I really miss live theater and ballets. In the first minute and 15 seconds of Jerrold Tarog’s dance film of Rodelson Yadao’s concept and choreography ‘Ang Kabaligtaran ng Gunaw’ (based on the poem Eljay Castro Deldoc), the film proves that no one misses it more than the performers themselves.
Set in the empty CCP main theater, the film captures the despair of live performers with no audience to perform for; the cast, comprised of members of the Cultural Center of the Philippines Dance Workshop, perform to an audience of none. The camera zeroes in on the featured dancer, Eloisa Jessa Tangalin, all dressed for a performance but we capture her sadness.
The CCP main theater is empty.
But as Deldoc’s poem draws out the end, he offers hope that “the opposite of the end is creation.” Yadao’s choreography then takes a turn while the music shifts gears and a quick cut returns our dancers on stage but dressed in less formal dance wear. They wear masks and with renewed verve, they break from the stage and dance in the audience side.
It is through film, with Tarog’s clever placement of the camera at the back of the stage that completes the picture. The dancers are no longer performing for an audience in the theater. As the viewers, we can see the theater is vacant. The lights are on the dancers backs, not their faces as they perform to the camera at the back of the stage. The world has flipped over but the dancers keep dancing.
Within its 8-minute time frame, the film captures the struggles of the performing arts in the pandemic and how even in the midst of this struggle, they push back and hard. The camera placements and movements highlights how the performing arts have moved towards online means to showcase their work and their talent. They have had to adapt to survive, even film.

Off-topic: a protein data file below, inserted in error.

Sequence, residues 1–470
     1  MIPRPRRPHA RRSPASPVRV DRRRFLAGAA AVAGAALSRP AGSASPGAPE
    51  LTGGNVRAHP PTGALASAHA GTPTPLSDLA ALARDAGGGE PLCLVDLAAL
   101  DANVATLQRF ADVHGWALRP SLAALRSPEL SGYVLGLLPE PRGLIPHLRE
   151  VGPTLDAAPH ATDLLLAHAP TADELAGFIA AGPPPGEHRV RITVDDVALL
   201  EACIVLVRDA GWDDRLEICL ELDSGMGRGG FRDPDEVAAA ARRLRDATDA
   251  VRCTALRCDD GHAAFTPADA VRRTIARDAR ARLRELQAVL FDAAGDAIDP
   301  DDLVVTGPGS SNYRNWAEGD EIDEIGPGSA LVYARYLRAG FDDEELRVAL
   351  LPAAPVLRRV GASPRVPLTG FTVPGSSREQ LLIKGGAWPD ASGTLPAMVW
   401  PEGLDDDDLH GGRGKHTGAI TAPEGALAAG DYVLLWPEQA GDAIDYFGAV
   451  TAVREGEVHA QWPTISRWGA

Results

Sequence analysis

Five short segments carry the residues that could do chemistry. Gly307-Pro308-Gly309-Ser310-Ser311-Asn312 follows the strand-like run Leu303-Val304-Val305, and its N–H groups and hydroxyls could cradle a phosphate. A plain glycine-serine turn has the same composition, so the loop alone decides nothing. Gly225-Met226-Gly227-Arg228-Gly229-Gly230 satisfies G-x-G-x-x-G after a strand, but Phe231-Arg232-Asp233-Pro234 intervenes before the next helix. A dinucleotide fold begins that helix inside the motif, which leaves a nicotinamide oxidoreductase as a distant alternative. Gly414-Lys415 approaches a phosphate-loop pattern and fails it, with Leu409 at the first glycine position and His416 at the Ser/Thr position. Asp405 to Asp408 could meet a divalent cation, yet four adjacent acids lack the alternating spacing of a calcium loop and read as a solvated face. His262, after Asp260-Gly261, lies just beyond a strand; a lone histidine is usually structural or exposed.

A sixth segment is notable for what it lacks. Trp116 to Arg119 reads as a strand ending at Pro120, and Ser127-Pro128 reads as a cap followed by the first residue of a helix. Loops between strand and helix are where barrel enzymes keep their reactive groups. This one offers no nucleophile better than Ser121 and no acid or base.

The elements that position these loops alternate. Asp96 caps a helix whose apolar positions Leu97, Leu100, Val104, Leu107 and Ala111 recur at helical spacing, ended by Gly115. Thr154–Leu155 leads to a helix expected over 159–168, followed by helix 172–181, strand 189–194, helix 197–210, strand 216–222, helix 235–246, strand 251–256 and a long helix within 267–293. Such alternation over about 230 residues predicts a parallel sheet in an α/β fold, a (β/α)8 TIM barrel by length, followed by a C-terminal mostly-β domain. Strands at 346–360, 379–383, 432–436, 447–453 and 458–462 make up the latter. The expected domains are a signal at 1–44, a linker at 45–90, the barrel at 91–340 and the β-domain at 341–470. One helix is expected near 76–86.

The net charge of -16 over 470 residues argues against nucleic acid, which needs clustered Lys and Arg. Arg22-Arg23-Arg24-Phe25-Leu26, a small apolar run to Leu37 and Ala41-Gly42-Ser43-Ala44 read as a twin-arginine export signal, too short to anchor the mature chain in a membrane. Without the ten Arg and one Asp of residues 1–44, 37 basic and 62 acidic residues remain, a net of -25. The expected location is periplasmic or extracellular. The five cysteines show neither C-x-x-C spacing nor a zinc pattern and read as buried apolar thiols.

What I truly enjoy about Tarog’s direction is that his camera work isn’t too busy or flashy. Most dance films (I’m talking about you ‘Step Up’) put more emphasis on film than on dance, rather than seeking cohesion of the two elements. There are aspects of the choreography that get lost by a busy camera.
But Tarog holds the camera steady at the right moments to showcase the movements, the blocking, the dancers’ skills. He moves it along with the dancers on stage and becomes part of the choreography only when it is part of the storytelling. Dance films should be equal parts dance and cinema. I need to see the dancing and this is what Tarog gives us.
It’s just 8 minutes but it strikes a chord with me who really misses live performances whether it’s ballet, hiphop, theater, or even concerts. But even as the world has gone still due to the pandemic, Deldoc’s poem along with Yadao’s choreography and Tarog’s music and direction, we are reminded to not give up. To constantly create.
Because if we don’t, then it’s truly the end.
Ang Kabaligtaran ng Gunaw was broadcasted by CNN Philippines on February 14, 2021. The Cultural Center of the Philippines (CCP) plans to have a hybrid outdoor screening tagged as Cinema Under the Stars at the CCP grounds. There will also be an online premiere through the CCP social media accounts (official Facebook page and YouTube channel).